DVD REVIEW: The House of the Devil – Old School Thriller!

The House of the Devil opens with a graphic card that claims seventy per cent of American adults in the ‘80s believed that there were Satanic cults that abducted and sacrificed people – and that thirty per cent believed that we didn’t hear about because of a government cover up. So, we know going that this a particular type of horror film.


Samantha [Jocelin Donahue] is a college student who needs to come up with a lot of money to cover the rent of an apartment – which she needs to get away from her slutty, slobby dorm roommate. When she spies a flyer on one of the various bulletin/flyer boards on campus, she thinks she’s got it made – despite some good advice from her best friend, Megan [Greta Gerwig]. The circumstances surrounding the babysitting job are peculiar to say the least – and the couple who hire her are beyond odd. But, she needs the money – and even an impending lunar eclipse can’t sway her.

The House of the Devil is set in the mid-‘80s and is shot in a Hitchcockian style that perfectly suits the material. The film opens with a long, slow zoom moving through an apartment until it comes to rest looking over the shoulder of a young woman. It’s creepy and intense and yet the mood dissolves when Sam turns around with a big smile on her face and says she loves the place.

There’s another shot, once Sam has been left in the home of the Ullmans [Tom Noonan and Mary Woronov], that is focused on a doorway and Sam moves in and out of the shot as she explores. Again, the shot is creepy and fascinating. As the film progresses in its deliberate fashion, we are drawn into the situation and our focus sharpens – setting us up for the first moment of brutal violence.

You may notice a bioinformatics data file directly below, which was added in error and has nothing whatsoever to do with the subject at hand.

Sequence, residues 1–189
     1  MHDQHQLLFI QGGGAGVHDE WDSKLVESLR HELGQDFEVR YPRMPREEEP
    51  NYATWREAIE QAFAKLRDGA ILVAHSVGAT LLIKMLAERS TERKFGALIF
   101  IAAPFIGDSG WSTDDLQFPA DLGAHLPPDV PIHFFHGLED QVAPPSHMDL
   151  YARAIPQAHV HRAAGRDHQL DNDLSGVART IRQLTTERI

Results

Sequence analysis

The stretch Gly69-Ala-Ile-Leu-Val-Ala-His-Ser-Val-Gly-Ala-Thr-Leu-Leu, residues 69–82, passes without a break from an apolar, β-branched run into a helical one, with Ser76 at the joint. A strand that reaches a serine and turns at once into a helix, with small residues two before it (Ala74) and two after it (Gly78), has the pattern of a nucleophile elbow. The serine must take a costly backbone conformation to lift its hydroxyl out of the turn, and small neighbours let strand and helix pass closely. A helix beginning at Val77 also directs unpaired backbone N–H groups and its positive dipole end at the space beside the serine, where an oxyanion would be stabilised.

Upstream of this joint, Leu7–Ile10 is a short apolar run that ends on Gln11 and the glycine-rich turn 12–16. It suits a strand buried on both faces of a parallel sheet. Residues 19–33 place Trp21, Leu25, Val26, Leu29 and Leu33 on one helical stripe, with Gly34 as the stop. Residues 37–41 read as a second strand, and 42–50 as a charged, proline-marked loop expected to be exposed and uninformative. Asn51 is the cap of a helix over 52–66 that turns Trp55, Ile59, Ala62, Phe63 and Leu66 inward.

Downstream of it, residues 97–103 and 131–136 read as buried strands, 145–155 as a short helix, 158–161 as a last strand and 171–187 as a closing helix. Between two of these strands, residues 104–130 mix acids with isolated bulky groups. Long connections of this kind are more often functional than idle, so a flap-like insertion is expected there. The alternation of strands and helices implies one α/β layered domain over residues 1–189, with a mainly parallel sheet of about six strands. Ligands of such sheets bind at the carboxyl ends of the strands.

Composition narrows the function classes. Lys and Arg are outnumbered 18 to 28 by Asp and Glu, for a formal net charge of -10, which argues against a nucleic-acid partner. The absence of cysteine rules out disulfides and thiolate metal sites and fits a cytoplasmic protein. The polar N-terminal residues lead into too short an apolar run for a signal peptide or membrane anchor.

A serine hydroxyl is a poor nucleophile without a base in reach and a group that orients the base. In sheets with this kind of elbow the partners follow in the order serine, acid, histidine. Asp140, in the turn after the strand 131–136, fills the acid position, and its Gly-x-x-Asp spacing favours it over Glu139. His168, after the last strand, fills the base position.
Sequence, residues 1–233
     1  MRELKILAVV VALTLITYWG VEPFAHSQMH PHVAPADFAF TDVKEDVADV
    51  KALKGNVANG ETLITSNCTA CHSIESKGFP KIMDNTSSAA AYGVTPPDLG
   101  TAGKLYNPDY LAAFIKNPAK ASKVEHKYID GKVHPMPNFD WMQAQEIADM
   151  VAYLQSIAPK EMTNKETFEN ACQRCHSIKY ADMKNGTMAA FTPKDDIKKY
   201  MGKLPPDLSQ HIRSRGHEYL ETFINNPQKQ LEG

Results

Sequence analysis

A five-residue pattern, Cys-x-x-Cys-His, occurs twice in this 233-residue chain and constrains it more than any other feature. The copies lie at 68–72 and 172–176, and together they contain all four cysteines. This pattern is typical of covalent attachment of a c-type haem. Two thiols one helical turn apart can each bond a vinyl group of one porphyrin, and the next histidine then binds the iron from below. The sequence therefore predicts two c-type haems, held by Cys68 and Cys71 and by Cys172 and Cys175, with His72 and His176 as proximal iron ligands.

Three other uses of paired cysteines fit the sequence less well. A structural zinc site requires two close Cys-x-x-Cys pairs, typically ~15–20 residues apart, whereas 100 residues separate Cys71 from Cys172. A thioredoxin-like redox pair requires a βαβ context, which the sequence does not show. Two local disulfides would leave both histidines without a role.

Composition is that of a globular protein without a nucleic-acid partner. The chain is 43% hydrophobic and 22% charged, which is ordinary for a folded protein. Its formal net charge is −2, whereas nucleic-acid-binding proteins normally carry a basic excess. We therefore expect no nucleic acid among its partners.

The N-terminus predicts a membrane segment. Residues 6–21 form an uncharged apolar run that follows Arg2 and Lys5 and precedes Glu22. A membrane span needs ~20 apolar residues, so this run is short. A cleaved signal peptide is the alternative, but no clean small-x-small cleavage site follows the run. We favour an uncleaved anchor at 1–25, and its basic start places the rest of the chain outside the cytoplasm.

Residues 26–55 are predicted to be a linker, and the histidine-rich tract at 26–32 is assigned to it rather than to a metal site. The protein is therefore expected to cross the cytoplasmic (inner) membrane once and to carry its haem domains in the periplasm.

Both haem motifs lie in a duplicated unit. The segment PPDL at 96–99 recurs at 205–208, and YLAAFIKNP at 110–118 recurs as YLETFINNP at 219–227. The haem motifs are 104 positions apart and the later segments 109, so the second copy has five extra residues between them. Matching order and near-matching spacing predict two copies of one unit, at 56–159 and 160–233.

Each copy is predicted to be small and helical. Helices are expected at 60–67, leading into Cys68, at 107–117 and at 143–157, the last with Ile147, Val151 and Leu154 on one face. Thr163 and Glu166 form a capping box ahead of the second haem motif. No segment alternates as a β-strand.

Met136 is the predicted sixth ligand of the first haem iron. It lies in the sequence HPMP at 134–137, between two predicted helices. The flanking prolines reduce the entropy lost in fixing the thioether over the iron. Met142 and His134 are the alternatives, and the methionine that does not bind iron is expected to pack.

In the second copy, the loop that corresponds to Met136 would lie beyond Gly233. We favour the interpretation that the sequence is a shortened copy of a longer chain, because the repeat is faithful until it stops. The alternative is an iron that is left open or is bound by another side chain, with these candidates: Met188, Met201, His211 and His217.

Writer/Director/Editor Ti West clearly loves both Hitchcock and the genre films of the ‘80s. He knows how to set a mood and understands that the most fun part of such a film is the building anticipation as things slowly devolve into the weird. He also understands that the use of casual violence, seemingly out of nowhere, only works if we are invested in the characters – and ties in with later events.

Donahue’s Sam is an apparently bright young woman, but her need to be out of her dorm room is such a priority that she ignores signs [mostly, but not all subtle] that she’s embarking on a dangerous course. Gerwig’s Megan is a classic best friend: a bit too loud, a bit too obnoxious, but utterly well-meaning. Noonan and Woronov make a balanced couple. His understated creepiness balances her campier menace to produce a unique threat.

Jeff Grace’s score, with its soft, minor key themes could have been plucked from any ‘80s horror film – it’s that authentic.

The House of the Devil is a genuinely creepy, more than occasionally scary film. West gets the time period – right down to the style of credits – but this isn’t really an homage to ‘80’s horror films. It’s more of a period piece that gets it right while occasionally referencing other genre films.

Features: Audio Commentary with West and Donahue; Audio Commentary with West, producers Larry Fassenden and Peter Phok, and sound designer Graham Reznick; In The House of the Devil – a home movie from behind the scenes; Behind The House of the Devil – cast and crew interviews; Trailer, and three Deleted Scenes.

Grade: The House of the Devil – B+

Grade: Features – A

Final Grade: A-